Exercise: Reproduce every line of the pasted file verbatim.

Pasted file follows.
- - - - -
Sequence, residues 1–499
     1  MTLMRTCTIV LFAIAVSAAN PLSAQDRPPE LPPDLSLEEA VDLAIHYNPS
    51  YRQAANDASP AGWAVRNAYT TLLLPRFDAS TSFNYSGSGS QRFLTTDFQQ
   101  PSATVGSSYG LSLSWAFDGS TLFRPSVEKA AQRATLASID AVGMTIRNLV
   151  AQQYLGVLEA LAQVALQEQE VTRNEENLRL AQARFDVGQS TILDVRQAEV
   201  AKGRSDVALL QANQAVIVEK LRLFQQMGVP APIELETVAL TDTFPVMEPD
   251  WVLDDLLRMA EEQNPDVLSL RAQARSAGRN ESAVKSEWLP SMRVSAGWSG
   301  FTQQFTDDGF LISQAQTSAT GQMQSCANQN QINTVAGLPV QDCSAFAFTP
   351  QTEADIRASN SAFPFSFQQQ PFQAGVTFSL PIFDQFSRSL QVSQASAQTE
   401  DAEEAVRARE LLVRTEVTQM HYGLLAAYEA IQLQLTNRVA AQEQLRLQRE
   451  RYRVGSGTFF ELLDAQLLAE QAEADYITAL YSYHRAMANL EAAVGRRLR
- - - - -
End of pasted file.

Sequence, residues 1–499
     1  MTLMRTCTIV LFAIAVSAAN PLSAQDRPPE LPPDLSLEEA VDLAIHYNPS
    51  YRQAANDASP AGWAVRNAYT TLLLPRFDAS TSFNYSGSGS QRFLTTDFQQ
   101  PSATVGSSYG LSLSWAFDGS TLFRPSVEKA AQRATLASID AVGMTIRNLV
   151  AQQYLGVLEA LAQVALQEQE VTRNEENLRL AQARFDVGQS TILDVRQAEV
   201  AKGRSDVALL QANQAVIVEK LRLFQQMGVP APIELETVAL TDTFPVMEPD
   251  WVLDDLLRMA EEQNPDVLSL RAQARSAGRN ESAVKSEWLP SMRVSAGWSG
   301  FTQQFTDDGF LISQAQTSAT GQMQSCANQN QINTVAGLPV QDCSAFAFTP
   351  QTEADIRASN SAFPFSFQQQ PFQAGVTFSL PIFDQFSRSL QVSQASAQTE
   401  DAEEAVRARE LLVRTEVTQM HYGLLAAYEA IQLQLTNRVA AQEQLRLQRE
   451  RYRVGSGTFF ELLDAQLLAE QAEADYITAL YSYHRAMANL EAAVGRRLR